Lua, a familiar, kind, and gentle programming language. Its simplistic and textual syntax make it a great first language. It is all this, and thanks to years of work, it can also be blazing fast, especially when running under the Just In Time compiler LuaJIT. However, a seasoned programmer may have trouble finding some of the many common features included in most languages today. One of these things is the presence of a dedicated ternary operator.

If you are not familiar with the ternary operator, it is an operator (like + or -) that allows for inline conditional statements. In many languages today, it is represented as the construct a ? b : c. Think of it the way it looks, it says: If a, then b or else c. This is a very nice statement to use for convenience so that you do not have to write a lengthy if/else structure for the expression. Here are some example use cases (in Java syntax):

// Different values based on a boolean
log(boolValue ? "Bruh, truuue!" : "Sorry but that was false!");

// Get the smaller number
int minVal = (a < b) ? a : b;

// Absolute value
int absVal = (a < 0) ? -a : a;

// Change behaviour based on settings
int delay = animationsOn ? 50 : 0;

// Or add clarity
log("You have " + game.score + " point" + (game.score > 1 ? "s" : "") + "!");
// score = 3: You have 3 points!
// score = 1: You have 1 point!

Basically ternaries are a very useful tool that can make a programmer’s life a heck of a lot easier while making the source much cleaner and organized. (That is as long as you use them responsibly, using things like nested ternaries can just add confusion to the code, be smart!)

So I can hear you yelling out, “wOw! So can I do that in Lua!?” And thankfully, the answer is a resounding Yes! But there’s a catch. Now that I’ve finished teaching you up on how ternaries are all about that a ? b : c syntax, forget it. In Lua it is written: a and b or c. Unfortunately, this syntax is a little less clear; however, this is not entirely the language designers fault.

Some examples in Lua:

print(boolValue and "Bruh, truuue!" or "Sorry but that was false!")

local minVal = (a < b) and a or b

local absVal = (a < 0) and -a or a

local delay = animationsOn and 50 or 0

print("You have " .. game.score .. " point" .. (game.score > 1 and "s" or "") .. "!")

You see, this ternary structure was not entirely intentional (ternaries themselves were not intended). It is merely a side-effect of how Lua’s logical operators and and or were implemented. Lua is a dynamically typed language, meaning that you don’t have to explicitly tell Lua what type of value you are putting into your variable. If you say, for example, local x = 5, you don’t tell Lua that you are using x as an int, or a double, or even a number! Lua figures all of this out by itself, in the background. As a result of this, many types are coerced when used together, for example, when print("Score: " .. 17) is called, you tell Lua to print the concatenation of "Score: " and 17, two bits of data that have different types, one is a String and one is a Number, but we want a String in the end, so Lua coerces the Number 17 into the String "17". This is cool, but the behavior we are interested in is how Lua coerces variables into the boolean datatype. In Lua, everything (with the exception of false and nil) is ‘truthy’, meaning that if it needs to be coerced into a boolean it gets coerced into true. This is why if you write if not object then, the if statement is only entered if value is falsey (false or nil).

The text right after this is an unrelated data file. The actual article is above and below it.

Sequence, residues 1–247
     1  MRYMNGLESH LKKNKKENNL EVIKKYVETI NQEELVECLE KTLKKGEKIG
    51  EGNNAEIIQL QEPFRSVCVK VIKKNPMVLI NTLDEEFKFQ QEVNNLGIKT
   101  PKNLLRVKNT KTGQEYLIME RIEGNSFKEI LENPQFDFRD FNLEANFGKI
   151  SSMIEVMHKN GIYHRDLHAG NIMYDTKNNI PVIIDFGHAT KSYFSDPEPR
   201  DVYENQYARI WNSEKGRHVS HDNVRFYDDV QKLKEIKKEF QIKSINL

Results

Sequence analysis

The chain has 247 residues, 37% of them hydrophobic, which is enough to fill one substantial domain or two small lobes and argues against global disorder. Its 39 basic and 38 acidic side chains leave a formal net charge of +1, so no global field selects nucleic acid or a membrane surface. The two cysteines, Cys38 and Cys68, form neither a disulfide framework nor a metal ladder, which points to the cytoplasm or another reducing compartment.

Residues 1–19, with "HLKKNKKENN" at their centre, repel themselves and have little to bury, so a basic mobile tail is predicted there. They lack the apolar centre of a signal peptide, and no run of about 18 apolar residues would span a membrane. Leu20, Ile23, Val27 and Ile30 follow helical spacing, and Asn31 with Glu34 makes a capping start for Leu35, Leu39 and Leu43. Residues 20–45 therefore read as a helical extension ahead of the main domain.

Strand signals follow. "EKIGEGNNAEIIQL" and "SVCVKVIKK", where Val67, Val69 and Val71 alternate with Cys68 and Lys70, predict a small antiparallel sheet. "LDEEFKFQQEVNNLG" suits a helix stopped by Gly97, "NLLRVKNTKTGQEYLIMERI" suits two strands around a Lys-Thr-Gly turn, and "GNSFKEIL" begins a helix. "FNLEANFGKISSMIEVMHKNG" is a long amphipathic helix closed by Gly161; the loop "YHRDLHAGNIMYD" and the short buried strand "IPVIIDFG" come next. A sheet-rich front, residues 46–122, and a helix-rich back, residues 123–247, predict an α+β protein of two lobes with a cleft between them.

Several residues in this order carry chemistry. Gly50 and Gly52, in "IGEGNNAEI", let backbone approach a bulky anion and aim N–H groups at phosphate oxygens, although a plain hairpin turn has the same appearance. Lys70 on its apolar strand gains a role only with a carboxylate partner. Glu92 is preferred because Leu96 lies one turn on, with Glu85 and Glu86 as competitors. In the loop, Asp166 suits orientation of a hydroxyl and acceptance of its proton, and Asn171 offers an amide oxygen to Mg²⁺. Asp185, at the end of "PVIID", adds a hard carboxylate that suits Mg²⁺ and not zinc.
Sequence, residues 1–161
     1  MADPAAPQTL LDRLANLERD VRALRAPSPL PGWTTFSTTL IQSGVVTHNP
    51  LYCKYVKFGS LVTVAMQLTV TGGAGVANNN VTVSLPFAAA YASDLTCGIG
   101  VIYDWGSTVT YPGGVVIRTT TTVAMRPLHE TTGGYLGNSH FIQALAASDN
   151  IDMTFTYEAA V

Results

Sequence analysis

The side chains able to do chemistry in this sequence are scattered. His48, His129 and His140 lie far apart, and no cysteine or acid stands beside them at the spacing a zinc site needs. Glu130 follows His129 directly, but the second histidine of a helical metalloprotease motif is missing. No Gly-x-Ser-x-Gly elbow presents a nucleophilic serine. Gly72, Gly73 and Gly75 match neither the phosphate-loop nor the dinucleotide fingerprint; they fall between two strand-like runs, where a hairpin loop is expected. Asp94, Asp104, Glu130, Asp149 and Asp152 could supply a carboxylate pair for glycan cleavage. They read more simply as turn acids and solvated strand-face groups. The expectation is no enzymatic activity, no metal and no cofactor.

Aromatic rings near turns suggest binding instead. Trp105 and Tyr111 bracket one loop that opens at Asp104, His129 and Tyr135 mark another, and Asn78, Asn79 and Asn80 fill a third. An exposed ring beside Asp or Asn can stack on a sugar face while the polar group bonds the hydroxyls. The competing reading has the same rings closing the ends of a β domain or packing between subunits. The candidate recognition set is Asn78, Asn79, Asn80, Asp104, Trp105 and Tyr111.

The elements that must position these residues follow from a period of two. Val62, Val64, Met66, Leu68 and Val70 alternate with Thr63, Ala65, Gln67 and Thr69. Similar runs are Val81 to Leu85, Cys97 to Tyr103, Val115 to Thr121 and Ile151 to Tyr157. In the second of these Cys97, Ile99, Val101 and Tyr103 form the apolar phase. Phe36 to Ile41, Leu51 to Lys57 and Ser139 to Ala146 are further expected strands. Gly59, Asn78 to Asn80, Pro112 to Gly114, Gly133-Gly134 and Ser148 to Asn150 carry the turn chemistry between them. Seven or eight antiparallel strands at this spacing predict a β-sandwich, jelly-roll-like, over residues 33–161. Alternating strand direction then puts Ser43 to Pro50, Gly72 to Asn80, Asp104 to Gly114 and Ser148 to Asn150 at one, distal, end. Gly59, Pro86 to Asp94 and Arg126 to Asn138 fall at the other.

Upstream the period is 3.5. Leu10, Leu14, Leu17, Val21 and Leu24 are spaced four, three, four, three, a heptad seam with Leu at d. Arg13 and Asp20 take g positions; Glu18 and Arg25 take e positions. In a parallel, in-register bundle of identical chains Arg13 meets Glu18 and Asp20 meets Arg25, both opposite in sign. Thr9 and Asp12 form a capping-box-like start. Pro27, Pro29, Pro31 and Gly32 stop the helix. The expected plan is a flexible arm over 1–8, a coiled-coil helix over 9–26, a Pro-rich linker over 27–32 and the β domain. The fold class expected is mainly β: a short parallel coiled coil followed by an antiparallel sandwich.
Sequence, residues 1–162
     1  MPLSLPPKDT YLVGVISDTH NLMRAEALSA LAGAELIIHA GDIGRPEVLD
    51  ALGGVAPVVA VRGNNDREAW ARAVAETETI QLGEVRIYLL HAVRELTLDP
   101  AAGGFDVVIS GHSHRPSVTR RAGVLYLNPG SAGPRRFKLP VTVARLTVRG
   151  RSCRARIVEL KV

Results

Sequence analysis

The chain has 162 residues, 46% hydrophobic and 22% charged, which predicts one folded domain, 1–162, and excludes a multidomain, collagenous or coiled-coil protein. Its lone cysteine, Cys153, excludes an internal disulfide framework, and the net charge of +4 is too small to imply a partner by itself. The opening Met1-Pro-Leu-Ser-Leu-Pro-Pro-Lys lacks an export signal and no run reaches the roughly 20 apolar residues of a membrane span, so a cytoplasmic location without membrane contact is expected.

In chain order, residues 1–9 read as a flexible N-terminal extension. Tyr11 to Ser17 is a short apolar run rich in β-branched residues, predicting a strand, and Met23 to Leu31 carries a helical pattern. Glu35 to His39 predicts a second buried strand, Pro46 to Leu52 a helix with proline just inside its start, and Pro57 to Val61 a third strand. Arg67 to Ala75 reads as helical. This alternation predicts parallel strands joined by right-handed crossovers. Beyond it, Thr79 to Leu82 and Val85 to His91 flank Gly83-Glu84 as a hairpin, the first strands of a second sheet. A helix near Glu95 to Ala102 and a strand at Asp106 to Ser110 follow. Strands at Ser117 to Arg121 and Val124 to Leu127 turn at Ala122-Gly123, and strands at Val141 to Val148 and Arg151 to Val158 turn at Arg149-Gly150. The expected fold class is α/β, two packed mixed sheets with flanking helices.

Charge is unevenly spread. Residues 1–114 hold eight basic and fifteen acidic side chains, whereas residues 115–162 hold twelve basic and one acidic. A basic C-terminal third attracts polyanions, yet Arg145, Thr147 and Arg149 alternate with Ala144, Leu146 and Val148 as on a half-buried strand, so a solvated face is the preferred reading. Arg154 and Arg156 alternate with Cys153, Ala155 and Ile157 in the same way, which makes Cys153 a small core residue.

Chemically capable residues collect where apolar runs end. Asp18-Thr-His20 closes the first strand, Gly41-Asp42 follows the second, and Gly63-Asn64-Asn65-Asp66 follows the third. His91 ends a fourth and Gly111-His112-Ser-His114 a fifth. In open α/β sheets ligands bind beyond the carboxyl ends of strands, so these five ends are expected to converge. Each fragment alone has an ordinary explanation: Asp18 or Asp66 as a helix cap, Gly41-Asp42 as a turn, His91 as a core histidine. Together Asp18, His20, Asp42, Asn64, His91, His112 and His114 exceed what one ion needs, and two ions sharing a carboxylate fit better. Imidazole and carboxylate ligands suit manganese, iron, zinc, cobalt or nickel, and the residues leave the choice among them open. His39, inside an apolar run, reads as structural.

Now, lets break down a ternary in Lua, so a and b or c. This really is (a and b) or c. Lets look at the first part, lua sees a first, if a is a truthy value, then it follows the controlling and and reaches b, which if it is a truthy value, it returns it, because Lua always returns the last expression evaluated. It does NOT evaluate c because there is an or in front of it, and like a smart language, it says “I already have a and b which was truthy, so the or cannot change the truthyness (its a word) of the expression, so lets just return early. And conversely, if a was a falsey value, then the and would have cut short, because it says “a was false so b cannot change the truthyness of that part of the expression, skip it”, Lua would have jumped to the or c and returned c because it was the last thing evaluated.

So lets recap what we learned today, Lua is awesome, Ternaries are awesome, Lua has support for ternaries so it’s even awesomer now, and there is a reason that the ternaries in Lua look so weird. Ternaries are a very powerful, and useful tool, and should be used where applicable, but it is wise to know when to stop. Avoid nesting ternaries like so:

local value = a and b or (c and (d and e or f) or g) and h or i

That was a valid statement, but it looks horrible, and is very difficult to follow. In this case, either spread it out over multiple statements, or create an if/else structure for it.

I do encourage you to experiment with Lua’s and and or operators now, and see if you can come up with some interesting control structures using their quirks. But that’s all for now. Happy Hacking! :)